International human rights organizations today urged Khartoum to expedite the handing over of former Sudanese President Omar al-Bashir to the International Criminal Court after the new authorities in the country pledged to bring him to justice for war crimes in Darfur.
Sudanese officials said on Tuesday that the ruling sovereign council had agreed with some rebel factions to hand Bashir and three of his aides to the Hague-based court for their role in the conflict in the western Darfur region.
“The Sudanese authorities must translate these statements into deeds and hand over Bashir and other individuals immediately in accordance with the ICC’s arrest warrant,” said Julie Ferrhar, acting secretary-general of Amnesty International, in a statement.
Omar al-Bashir is wanted by the International Criminal Court on charges of murder, genocide, forced deportation, torture and rape that killed hundreds of thousands of people during the conflict in Darfur that erupted in 2003.
“The decision to hand him over to the court will be welcomed as a step towards justice for the victims and their families,” said Verhar.
The conflict in Darfur erupted when rebels belonging to African minorities took up arms against the Bashir government, which was accused of marginalizing the region economically and politically.
The International Criminal Court has accused al-Bashir of genocide, war crimes and crimes against humanity because of his role in the conflict. But he denied these accusations and managed to travel without restrictions in defiance of two ICC memos of arrest.
The court also indicted three of his former aides, Ahmed Haroun, Abd al-Rahim Muhammad Husayn, and Ali Kushid.
Al-Bashir is being held in Sudan, where he has been charged with corruption.
Mohamed Hassan al-Taayishi, a member of the Transitional Sovereign Council in Sudan, said Tuesday while he was in Juba, the capital of southern Sudan, where a government delegation met with rebel factions that the government had “a conviction in approving the appearance of those against whom arrest warrants were issued before the International Criminal Court.” This, he added, “is a product of a fundamental principle linked to justice.”
He told reporters in Juba, “We agreed to fully support the International Criminal Court and we agreed to hand over the four criminals wanted by the court, one of whom is Al-Bashir and three others. The court knows them and we fully support the criminal court’s accusations in facing them and the need to extradite them.” But he did not specify when the decision will be implemented.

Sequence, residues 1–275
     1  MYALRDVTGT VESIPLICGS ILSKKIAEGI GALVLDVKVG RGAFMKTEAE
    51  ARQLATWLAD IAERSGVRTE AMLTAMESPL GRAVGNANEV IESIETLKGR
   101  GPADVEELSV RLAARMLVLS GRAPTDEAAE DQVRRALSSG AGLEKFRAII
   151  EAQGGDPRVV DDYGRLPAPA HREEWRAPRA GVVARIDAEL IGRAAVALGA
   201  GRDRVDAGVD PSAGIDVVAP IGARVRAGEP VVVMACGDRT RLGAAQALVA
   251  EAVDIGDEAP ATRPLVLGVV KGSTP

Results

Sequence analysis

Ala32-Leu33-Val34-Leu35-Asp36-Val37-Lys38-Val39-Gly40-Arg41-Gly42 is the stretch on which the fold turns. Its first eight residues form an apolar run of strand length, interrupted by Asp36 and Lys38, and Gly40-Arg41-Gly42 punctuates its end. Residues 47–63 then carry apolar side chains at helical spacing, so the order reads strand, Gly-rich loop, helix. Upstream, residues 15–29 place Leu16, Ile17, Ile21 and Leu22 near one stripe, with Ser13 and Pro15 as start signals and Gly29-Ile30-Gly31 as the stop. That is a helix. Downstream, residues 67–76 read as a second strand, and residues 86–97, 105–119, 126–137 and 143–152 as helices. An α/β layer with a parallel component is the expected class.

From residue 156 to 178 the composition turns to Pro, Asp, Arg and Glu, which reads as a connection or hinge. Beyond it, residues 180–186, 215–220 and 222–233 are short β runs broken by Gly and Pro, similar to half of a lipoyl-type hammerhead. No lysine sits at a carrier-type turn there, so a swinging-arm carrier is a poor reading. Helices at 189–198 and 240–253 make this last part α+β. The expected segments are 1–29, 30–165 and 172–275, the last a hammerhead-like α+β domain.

“The large-scale attacks by Sudanese security forces on civilians as part of the campaign of intimidation led by al-Bashir, including sexual violence that is pervasive as a weapon of war, have had devastating effects on,” the US-based NGO Doctors for Human Rights.
“It has been a long time and its victims and their families have not received justice.”
Al-Taishi said that they agreed on several mechanisms to achieve peace in Darfur, including the establishment of a special court to investigate crimes.
Sudanese government spokesman Faisal Mohamed Saleh also confirmed to France Press that “Al-Bashir and others will appear before the International Criminal Court. This is the government’s decision and its position.”
Al-Bashir was arrested after his dismissal and sentenced to two years’ imprisonment for corruption.
The demonstrators, the people of Darfur and the rebel movements in the region, have constantly demanded the surrender of the ousted Bashir to the International Criminal Court.
Years of conflict in Darfur and other regions, and the secession of South Sudan in 2011, left an exhausted economy that was the main factor in the outbreak of protests against Bashir in 2019.
But ten months after his overthrow, the country still suffers from a severe shortage of bread, fuel and foreign currencies, all of which hinder economic recovery.
“I have been waiting more than an hour for queues to buy bread,” government employee Mahasin Ahmed said, as she waited with dozens of others outside a bakery in north Khartoum.
“Every family is divided these days in some way. Some are standing in line to get bread, others for fuel and others for gas,” said Hassan Ahmed, an employee in the private sector, as he waited to fill his car at a gas station.